MSO’s ‘Messiah’: A Milwaukee Holiday Tradition?
Conductor Christian Knapp infused the performance with style, giving the orchestra and chorus many specific articulations, adding liveliness to this familiar score. Knapp’s tempos were well chosen. He often found the “Baroque groove” that creates rhythmic buzz. Dramatic contrasts at key moments were arresting, particularly in Part II and the final chorus.
This was the second time this calendar year when the MSO sounded like a convincing Baroque chamber orchestra. (The first was in the pit for Semele last spring.) The Milwaukee Symphony Chorus, reduced to 60 singers, was the star, and deservedly so. As good as the chorus is, more careful attention to Anglican diction and consistent, blended vowels would have taken it to another level.
In what must have been a budget-cutting move, the soloists were the four resident young artist apprentices of Florentine Opera. Soprano Sarah Lewis Jones’ attractive, largish sound is better suited to Puccini than Handel. A mezzo-soprano singing Messiah needs to be happily comfortable in the lower middle register. Julia Elise Hardin’s voice wanted higher territory to show its advantage. Messiah needs a bass or bass-baritone; Scott Johnson’s baritone, though commendable, was simply miscast. Tenor Aaron Blankfield sang at a student level, with intonation issues and complete lack of phrasing.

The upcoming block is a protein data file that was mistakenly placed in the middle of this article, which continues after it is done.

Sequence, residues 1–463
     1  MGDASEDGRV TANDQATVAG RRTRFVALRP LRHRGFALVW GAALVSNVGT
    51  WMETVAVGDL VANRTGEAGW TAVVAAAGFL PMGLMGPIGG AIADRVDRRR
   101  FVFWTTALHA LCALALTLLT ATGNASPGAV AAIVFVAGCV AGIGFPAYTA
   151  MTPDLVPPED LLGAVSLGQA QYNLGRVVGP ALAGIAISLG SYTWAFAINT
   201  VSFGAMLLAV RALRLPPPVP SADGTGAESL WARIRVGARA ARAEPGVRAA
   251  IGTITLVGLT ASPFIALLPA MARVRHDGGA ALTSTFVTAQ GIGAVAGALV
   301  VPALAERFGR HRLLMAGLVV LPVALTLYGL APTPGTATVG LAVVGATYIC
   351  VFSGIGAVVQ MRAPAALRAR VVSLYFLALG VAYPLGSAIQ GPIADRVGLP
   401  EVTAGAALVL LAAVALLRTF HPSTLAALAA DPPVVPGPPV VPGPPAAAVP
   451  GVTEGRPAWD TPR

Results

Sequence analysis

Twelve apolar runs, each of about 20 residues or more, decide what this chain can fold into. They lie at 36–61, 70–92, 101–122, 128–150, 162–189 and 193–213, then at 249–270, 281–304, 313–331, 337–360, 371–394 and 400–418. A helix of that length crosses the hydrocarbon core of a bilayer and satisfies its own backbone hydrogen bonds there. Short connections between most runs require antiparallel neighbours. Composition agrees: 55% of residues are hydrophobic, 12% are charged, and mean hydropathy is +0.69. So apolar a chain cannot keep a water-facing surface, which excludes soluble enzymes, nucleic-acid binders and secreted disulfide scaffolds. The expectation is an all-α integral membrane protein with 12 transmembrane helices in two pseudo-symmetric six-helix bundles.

The MSO Messiah should be a centerpiece event of its season, and a cornerstone of Milwaukee’s holiday celebrations. At its full potential it could run as many as 10 performances over two weeks. With better soloists and more marketing, the edition heard this year could be an annual event at the level of Milwaukee Ballet’s Nutcracker, or Milwaukee Rep’s A Christmas Carol. The MSO needs this. The city needs it too.